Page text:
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Placing a Concrete Foundation on Rigid Foam Insulation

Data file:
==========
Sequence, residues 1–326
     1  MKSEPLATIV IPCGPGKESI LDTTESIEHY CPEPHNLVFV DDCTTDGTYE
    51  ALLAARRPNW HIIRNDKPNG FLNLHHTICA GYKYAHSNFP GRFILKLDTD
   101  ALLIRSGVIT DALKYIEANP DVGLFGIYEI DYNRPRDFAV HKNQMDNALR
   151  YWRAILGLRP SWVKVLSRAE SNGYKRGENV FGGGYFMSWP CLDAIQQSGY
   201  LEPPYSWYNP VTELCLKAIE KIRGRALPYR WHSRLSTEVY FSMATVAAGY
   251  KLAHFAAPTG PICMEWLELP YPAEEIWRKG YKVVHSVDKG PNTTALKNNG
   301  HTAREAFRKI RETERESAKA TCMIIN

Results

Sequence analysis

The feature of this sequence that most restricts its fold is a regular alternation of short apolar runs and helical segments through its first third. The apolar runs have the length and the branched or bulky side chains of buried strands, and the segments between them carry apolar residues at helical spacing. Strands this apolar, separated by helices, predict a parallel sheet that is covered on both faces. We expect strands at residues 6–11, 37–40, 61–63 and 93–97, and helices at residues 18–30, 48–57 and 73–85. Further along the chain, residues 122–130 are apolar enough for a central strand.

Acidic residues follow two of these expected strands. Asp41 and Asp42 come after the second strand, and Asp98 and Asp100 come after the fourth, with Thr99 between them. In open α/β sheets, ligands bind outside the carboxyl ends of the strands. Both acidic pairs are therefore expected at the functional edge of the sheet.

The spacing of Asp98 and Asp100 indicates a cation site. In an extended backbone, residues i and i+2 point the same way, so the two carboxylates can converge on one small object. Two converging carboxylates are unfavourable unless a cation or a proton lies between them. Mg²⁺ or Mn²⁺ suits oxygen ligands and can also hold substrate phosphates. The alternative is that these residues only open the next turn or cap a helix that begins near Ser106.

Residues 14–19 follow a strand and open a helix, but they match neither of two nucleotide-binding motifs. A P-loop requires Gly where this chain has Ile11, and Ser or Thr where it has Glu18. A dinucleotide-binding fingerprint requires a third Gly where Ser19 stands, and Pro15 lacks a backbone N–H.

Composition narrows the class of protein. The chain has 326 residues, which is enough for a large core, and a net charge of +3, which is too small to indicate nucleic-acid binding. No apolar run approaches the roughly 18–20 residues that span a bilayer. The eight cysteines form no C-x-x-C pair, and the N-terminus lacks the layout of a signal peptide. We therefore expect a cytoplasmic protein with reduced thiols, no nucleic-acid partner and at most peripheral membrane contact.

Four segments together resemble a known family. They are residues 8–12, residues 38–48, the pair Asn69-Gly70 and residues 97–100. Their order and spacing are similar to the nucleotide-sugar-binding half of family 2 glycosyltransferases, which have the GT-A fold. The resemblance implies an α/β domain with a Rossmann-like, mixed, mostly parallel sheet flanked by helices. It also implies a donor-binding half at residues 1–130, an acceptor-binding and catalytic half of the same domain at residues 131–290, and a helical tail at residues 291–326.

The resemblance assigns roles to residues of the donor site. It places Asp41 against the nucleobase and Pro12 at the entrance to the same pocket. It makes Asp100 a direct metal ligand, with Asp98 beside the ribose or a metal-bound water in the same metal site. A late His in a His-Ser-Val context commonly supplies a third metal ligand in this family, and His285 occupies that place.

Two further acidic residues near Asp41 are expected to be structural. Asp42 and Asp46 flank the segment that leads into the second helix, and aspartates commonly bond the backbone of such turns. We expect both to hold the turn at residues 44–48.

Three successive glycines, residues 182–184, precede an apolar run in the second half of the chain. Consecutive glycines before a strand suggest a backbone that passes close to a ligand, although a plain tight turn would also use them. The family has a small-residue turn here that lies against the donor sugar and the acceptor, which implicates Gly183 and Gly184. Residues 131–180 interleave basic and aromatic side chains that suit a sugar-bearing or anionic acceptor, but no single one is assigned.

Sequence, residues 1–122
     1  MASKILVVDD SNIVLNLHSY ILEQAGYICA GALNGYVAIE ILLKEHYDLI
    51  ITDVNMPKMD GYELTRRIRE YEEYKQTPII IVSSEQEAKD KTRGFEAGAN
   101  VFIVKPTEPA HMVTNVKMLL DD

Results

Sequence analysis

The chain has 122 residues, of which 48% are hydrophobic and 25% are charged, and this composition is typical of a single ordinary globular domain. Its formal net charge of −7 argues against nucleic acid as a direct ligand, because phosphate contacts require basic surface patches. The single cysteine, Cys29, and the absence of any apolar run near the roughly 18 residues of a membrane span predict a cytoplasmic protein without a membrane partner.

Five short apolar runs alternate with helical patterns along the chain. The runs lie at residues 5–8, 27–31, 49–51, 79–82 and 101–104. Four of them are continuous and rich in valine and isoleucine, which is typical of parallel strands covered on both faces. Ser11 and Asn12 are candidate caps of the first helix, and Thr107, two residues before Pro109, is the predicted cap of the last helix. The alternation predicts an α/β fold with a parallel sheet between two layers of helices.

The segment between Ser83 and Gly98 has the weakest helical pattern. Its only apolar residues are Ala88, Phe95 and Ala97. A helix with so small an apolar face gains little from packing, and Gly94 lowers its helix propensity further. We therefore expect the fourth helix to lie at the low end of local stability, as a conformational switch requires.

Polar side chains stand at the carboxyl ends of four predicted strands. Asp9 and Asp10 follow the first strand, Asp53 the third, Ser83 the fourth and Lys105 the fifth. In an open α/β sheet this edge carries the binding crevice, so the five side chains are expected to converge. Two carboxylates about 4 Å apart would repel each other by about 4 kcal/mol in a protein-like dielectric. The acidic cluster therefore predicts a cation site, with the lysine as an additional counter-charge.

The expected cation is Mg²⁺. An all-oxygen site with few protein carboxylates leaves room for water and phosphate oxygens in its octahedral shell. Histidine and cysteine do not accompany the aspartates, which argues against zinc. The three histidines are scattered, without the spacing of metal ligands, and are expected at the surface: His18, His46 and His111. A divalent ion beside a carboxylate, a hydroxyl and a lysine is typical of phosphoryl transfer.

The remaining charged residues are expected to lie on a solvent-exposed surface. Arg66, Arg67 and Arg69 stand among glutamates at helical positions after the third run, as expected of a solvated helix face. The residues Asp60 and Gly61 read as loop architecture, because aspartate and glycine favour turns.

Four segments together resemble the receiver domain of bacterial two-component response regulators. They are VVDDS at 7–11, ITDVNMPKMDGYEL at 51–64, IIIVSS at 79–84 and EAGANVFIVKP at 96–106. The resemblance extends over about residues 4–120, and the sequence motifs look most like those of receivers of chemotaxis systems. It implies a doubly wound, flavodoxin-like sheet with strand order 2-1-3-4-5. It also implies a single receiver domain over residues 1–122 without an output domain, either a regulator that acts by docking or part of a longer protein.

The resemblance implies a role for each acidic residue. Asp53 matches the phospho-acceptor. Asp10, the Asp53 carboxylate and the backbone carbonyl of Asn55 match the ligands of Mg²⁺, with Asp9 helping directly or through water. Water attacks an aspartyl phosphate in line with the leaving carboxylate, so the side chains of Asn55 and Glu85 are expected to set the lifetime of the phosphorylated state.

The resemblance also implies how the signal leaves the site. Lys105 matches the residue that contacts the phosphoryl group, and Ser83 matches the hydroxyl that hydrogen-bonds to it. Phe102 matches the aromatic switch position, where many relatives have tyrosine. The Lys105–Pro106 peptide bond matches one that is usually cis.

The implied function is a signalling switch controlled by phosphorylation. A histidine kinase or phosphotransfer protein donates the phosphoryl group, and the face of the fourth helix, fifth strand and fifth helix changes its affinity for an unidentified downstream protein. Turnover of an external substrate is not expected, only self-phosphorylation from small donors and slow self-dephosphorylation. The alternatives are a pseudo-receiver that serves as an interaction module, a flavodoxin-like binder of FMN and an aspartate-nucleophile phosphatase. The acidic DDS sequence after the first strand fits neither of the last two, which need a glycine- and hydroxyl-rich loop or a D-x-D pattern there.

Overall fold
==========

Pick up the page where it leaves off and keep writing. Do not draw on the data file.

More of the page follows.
first_imgA rugged subslab vapor barrierA cross-laminated plastic vapor barrier was specified. We installed a StegoWrap membrane, 15 mil thick product. All lap joints and seams were sealed with the tape provided by the manufacturer. Typical pipe and conduit penetrations were sealed with tape also. Where penetrations were ganged too closely together to allow detailing with the tape, mastic was used to seal the vapor barrier to the piping/conduit. This is an accessory product offered by the vapor barrier manufacturer. Where the vapor barrier intersects with footings at the building perimeter, a special butyl tape was used to seal the vapor barrier to the footing. This seal was important to provide air barrier continuity between the slab-on-grade assembly and the exterior wall assembly.It turned out that we were very fortunate to have moved the vapor barrier to the top side of the foam insulation since it rained heavily for a few days in early August. The rain didn’t create any serious water problem as most of it ran off to the edges of the slab area, and what remained dried off relatively quickly. If the vapor barrier had been placed over the gravel, below the insulation, we could have had a major issue on our hands with water retained in the foam insulation layer.A 4-inch-thick concrete slab was placed on top of the vapor barrier. We paid close attention to the concrete mix design. We utilized a mix design from CalPortland with a 0.42 water-cement ratio, as was specified. When pouring a concrete slab directly over a plastic vapor barrier, the use of a low water-cement ratio mix design is important to help minimize slab curling and also to minimize the potential for moisture-related problems with floor finishes applied over the slab. Four inches of EPS is the right amountOnce the team actually started believing this could work, the next concern became how much insulation to use. Together, we landed on the idea of 4 inches of EPS foam, based on a sense this would provide a good balance of cost and constructability. In particular, we were trying to avoid the thicker levels of insulation that have been used on some Passivhaus buildings.Throughout the design process, PHPP iterations were run that looked at using more or less foam foundation insulation; yet the team kept coming back to the 4 inch foam layer. We looked at the relationship of the foundation R-value to changes in other envelope parameters such as the wall R-value, the window U-factor, and the roof insulation. After numerous iterations, the 4 inch foam thickness was agreed to by the team.So, how does this work? The foam is placed under the entire slab on grade and wraps around and underneath the footings at the building perimeter. The 4 inch foam thickness is reduced to 1 inch at bearing wall locations, resulting in a thickened slab with reinforcement, to serve as footings for those walls at the building interior.Due to the seismic design of the project, there are several large, deep footings that serve as the base for hold-downs to resist high lateral loads on the building. These deep footings were actually poured such that the slab insulation runs continuously over the top of the footing. As designers and builders working on the Orchards at Orenco multifamily project in Hillsboro, Oregon, we’re getting our feet wet with Passivhaus design for the first time. Our collective common sense suggested that we should be suspicious of this idea. Nearly all of the building’s structural loads are placed on the footings and it strikes many people as possibly a fool’s errand to place building footings on foam.However, after extensive research it became clear there is a long history of using certain types of very high density expanded polystyrene (EPS) foam insulation underneath major structural works of all kinds, including roadways, bridges, and runways. Our concerns receded based on the evidence and we were swayed — yet still reserved and cautious. The caution persists to this day and will follow us until this is a well-established building practice, without significant drawbacks. Coordinating with subcontractorsAs clearing and grubbing began at the site, and then the initial excavation activities, the construction team began a detailed coordination process. To properly construct a high-performance Passivhaus design, diligent, proactive coordination of the work is required of the general contractor. There is no substitute for diligence when it comes to this coordination. Even a highly developed and accurate set of design documents does not include all the information needed to build the project, and inevitably there will be some gaps in documentation or a need to modify a detail slightly, or in a major way, to achieve the design intent while accommodating construction variables such as sequencing of the work, manufacturer’s installation instructions, etc.Coordination of the work is fundamental to all construction projects, but the need is heightened when executing a Passivhaus design, especially when it comes to the detailing of the airtight and thermal-bridge-free building envelope. For example, at some detail conditions there could be four or more trades that impact the airtightness of the building since they each supply and/or install components that are integral to the air barrier system.An important duty of the general contractor is to actively communicate with the entire group of subcontractors, to let them know about the Passivhaus and requirements on the project, and to educate them about key issues that may impact their scopes of work and the overall Passivhaus certification. Due to the intricacies involved with material specifications and detailing of the Passivhaus design, communication with the subcontractors that impact the building envelope needs extra attention.On the Orchards project, a full day Building Envelope Coordination (BEC) meeting was held on site during the first month of construction, to gather together all the envelope-related subcontractors and key suppliers and review project requirements, including specifications, detailing, schedule, sequence of trades, etc.Scheduling this meeting very early during construction allowed the team to work through any gaps or inconsistencies in the scopes of work of various trades, as well as any issues related to the design documents. Upon completion of the BEC meeting, resolved issues were addressed readily and efficiently through the project submittal process. Issues that needed further examination or design work were addressed through the project Request for Information (RFI) process. The coordination work touched all major elements of the design, including the foundation, exterior walls, windows and doors, and the roof. The concrete contractors were hesitant to place concrete footings on rigid foamTo move forward from this point we had to overcome a little hesitation from the concrete crew. They’d never prepped a concrete foundation to go on top of insulation before. This idea raised more than a few eyebrows. After explaining the purpose of the foam layer below the footings and slab, resistance was overcome, if only temporarily.To construct the footings at the building perimeter, 4 inches of Type IX EPS foam were placed on top of the gravel base, the foam was informally tested to ensure solid contact with the base, formwork was constructed on top of the foam, and then concrete was placed. After initial set and curing, the formwork was stripped and EPS was applied to the vertical face of the footing.Upon completion of the initial footing work at the building perimeter, preparations for the slab on grade were made. A capillary break layer with 6 inches of clean crushed gravel was placed over the rock working pad and compacted to a dense state. A radon mitigation system was installed on top of the gravel base. The system includes 4-inch perforated flexible piping wrapped in filter sock material and embedded in an additional layer of gravel, 6 inches thick, placed on top of the compacted gravel base. The gravel provides a minimum 1 inch cover over the piping.Four inches of Type II EPS foam was placed on top of the gravel base. The design documents indicated a single layer of foam; however the crew pushed to use two layers of 2-inch foam for the installation. The crew believed the foam would lay flatter and provide more stability on the gravel base going with the two layers. This also had the advantage of allowing for staggered joints in the boards and eliminate direct heat flow paths that would occur at butt joints in the boards had we used only one layer, as is typical with roof insulation installation. The foam was trimmed to fit tightly around penetrations. Any gaps were filled with expanding spray foam sealant.For the most part, the slab insulation went down well over the gravel base; however, there were a few issues with getting the foam to lie flat and stable. These issues were resolved by reworking the gravel. The geotechnical engineer called for 2”- ¼” gravel whereas a smaller rock or pea gravel would have helped to eliminate the issues we encountered. It should go without saying that any high-performance building should be built on a solid foundation. So why would we set our building on a layer of foam insulation?The answer, of course, is to limit thermal bridging. Those bridging effects can cause a significant amount of heat loss through the mass structure at the base of the building. By thermally isolating the building foundation from the ground, building performance is improved, not only from an energy performance standpoint but also in terms of comfort and moisture management. Does the StegoWrap vapor barrier go above or below the rigid foam?An important concern that arose during the coordination process was the location and detailing of the subslab vapor barrier. The vapor barrier was not clearly indicated in the architect’s details, although a vapor barrier had been specified. In the slab on grade assembly drawing, the vapor barrier was indicated to be installed below the slab insulation. The Walsh team questioned this location, given our concern that a large amount of water could collect in the slab insulation layer if it should rain prior to a slab pour. The configuration of insulation and vapor barrier essentially created a sealed “bathtub” that could hold a lot of water. Not a good scenario!Even though we were in the dry summer months in Portland, there is always a chance of rain. When we pointed this out, the architect understood the concern and agreed with relocating the vapor barrier to the top of the slab insulation. Furthermore, the detailing of the vapor barrier at the foundation perimeter was not clear in the design drawings. We discussed this with the architect and sorted out the termination details as part of the coordination process, working with the vapor barrier manufacturer’s standard details and sealing products. With these details resolved, construction on the building foundation began. We put rigid foam under the footingsIn some high-performance building circles, it has become common to place a layer of insulation under a slab on grade. This is especially the case in colder climates. What’s new with Passivhaus design is the idea of completely isolating the building foundation from the ground, not only under the slab, but also under the footings. RELATED ARTICLES The Largest Passivhaus Building in the U.S.Walls and Windows for the Orenco PassivhausFoam Under FootingsPolyethylene Under Concrete SlabsMultifamily Passivhaus Project Starts in Oregon Mike Steffen is a builder, architect, and educator committed to making better buildings. He is vice president and general manager of Walsh Construction Company in Portland, Oregon.last_img read more